• Blepharoptosis repair: A provider may recommend plastic surgery to correct eyelid drooping. A blepharoptosis repair raises your eyelids so you can see better.
  • Cricopharyngeal myotomy: A surgeon makes an incision in your cricopharyngeal muscle, a muscle in your throat just above your esophagus. This helps your throat muscles remain relaxed so food passes into your esophagus more easily.
  • Tube feeding (enteral nutrition): A feeding tube may be an appropriate treatment if you have severe swallowing problems. A provider inserts the tube through your nose or belly, which provides nutrients directly to your intestines or stomach. A feeding tube gives you nutrition while bypassing your throat completely.

Are there clinical trial treatments for oculopharyngeal muscular dystrophy?

Yes. You may ask your healthcare provider if you qualify for clinical trial treatments for OPMD. Your provider may offer additional types of injections to relieve OPMD symptoms. Researchers are still studying the long-term effectiveness of these treatments.



How can I prevent oculopharyngeal muscular dystrophy?

Because oculopharyngeal muscular dystrophy is an inherited condition, there’s no way to prevent getting it.

If you have a parent with OPMD, you may consider genetic testing. A genetic test looks for the gene mutation that causes OPMD. A genetic counselor discusses your test results with you and helps you understand the risks of passing OPMD or other inherited conditions to your children.

Outlook / Prognosis

What is the outlook for oculopharyngeal muscular dystrophy?

Oculopharyngeal muscular dystrophy can affect your quality of life, but it doesn’t usually affect your lifespan. Treatment can help you manage symptoms and reduce your risk of complications.

What are the possible complications of oculopharyngeal muscular dystrophy?

The main potential complication of OPMD has to do with swallowing problems. The weakness in your tongue and throat can lead to difficulty eating, which increases your risk of:

Speak with your healthcare provider about treatment options if you have dysphagia related to oculopharyngeal muscular dystrophy. You may need to modify your eating habits to reduce your risk of complications.

Living With

What questions should I ask my doctor?

If you have oculopharyngeal muscular dystrophy or think you could, you may want to ask your healthcare provider:

  • What are the early signs of oculopharyngeal muscular dystrophy?
  • How do you diagnose oculopharyngeal muscular dystrophy?
  • What are the treatment options for oculopharyngeal muscular dystrophy?
  • What are the possible complications of oculopharyngeal muscular dystrophy?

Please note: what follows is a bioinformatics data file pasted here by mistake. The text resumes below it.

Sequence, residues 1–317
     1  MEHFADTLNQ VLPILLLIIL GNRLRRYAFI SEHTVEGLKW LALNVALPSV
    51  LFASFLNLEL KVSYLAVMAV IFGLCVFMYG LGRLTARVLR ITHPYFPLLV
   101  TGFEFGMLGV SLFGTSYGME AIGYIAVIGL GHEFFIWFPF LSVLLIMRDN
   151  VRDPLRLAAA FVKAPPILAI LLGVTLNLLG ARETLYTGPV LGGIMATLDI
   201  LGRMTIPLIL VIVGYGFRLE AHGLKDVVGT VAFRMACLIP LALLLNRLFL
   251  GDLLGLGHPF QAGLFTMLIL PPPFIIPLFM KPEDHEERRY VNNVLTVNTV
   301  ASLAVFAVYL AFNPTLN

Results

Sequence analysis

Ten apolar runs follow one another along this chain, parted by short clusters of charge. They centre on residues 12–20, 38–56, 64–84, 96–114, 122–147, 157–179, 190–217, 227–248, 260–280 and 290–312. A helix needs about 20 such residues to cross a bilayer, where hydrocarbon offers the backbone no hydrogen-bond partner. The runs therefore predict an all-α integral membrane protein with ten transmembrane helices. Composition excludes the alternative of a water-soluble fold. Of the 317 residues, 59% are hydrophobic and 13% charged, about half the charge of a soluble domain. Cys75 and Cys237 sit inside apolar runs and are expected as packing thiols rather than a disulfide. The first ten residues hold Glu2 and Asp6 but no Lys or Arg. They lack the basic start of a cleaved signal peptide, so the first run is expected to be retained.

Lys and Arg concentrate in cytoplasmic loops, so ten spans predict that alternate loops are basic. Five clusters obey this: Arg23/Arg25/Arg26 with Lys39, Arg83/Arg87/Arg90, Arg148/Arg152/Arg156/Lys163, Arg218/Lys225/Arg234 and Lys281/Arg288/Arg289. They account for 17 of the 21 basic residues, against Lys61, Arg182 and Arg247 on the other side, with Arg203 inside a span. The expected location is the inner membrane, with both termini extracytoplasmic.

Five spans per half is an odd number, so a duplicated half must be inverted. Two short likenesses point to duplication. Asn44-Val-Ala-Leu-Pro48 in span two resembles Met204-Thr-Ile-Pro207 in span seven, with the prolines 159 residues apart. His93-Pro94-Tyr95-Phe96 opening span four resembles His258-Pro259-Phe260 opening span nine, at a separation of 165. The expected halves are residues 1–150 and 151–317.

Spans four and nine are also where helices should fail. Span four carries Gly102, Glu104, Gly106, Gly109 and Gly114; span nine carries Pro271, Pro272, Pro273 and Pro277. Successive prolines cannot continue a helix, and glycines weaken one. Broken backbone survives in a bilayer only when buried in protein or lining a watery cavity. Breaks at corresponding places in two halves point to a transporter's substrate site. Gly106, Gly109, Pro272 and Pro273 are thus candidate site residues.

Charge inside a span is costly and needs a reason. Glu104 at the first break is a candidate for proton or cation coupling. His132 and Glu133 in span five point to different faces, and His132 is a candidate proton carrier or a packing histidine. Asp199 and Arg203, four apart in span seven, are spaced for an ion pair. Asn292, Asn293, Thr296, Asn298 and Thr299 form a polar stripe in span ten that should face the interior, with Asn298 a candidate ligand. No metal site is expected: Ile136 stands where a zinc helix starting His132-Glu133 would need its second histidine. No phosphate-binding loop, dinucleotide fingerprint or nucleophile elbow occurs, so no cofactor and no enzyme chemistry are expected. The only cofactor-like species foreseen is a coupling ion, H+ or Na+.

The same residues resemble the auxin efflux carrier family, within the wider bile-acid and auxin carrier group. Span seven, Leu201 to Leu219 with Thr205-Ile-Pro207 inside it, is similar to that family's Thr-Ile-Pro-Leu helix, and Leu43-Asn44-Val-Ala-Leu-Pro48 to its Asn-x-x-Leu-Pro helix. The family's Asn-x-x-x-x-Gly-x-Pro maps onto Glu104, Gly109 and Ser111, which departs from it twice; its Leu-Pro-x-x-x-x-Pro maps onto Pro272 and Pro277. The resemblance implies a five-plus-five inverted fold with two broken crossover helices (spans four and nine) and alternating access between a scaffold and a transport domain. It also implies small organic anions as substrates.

• What are the chances that I’ll pass oculopharyngeal muscular dystrophy to my children?

Additional Common Questions

Can oculopharyngeal muscular dystrophy cause death?

Oculopharyngeal muscular dystrophy itself doesn’t typically affect your lifespan. But untreated throat muscle weakness may increase your risk of choking or aspiration pneumonia, which can be life-threatening.

Does OPMD cause fatigue?

Oculopharyngeal muscular dystrophy can lead to fatigue. Fatigue isn’t one of the primary symptoms of OPMD, but it’s common in people with the condition. One study found that around half of all people with oculopharyngeal muscular dystrophy experienced fatigue that interfered with their day-to-day activities.

What conditions cause similar symptoms as oculopharyngeal muscular dystrophy?

Some conditions may cause symptoms that appear similar to OPMD, including:

  • Blepharophimosis, ptosis, epicanthus inversus syndrome (BPES): This is an inherited disorder that causes narrow eyelids and eyelid drooping.
  • Chronic progressive external ophthalmoplegia (Kearns-Sayre syndrome): This is a rare neuromuscular condition that affects your eyes and your heart.
  • Myasthenia gravis: This autoimmune disease causes muscle weakness and fatigue.
  • Oculopharyngodistal myopathy: This is a disease that causes many of the symptoms of OPMD along with respiratory problems and possible hearing loss.

A note from Cleveland Clinic

Oculopharyngeal muscular dystrophy (OPMD) is a rare genetic condition that causes muscle weakness in your eyelids and throat. You may not know you have OPMD until later in life — most people develop their first symptoms after age 40. As soon as you notice OPMD symptoms, see your healthcare provider. They can run tests to diagnose OPMD and offer treatments to help you manage symptoms. Oculopharyngeal muscular dystrophy worsens slowly over time, although it doesn’t affect your lifespan. With treatment, you can live a high quality of life.

Medically Reviewed

Last reviewed by a Cleveland Clinic medical professional on 08/29/2022.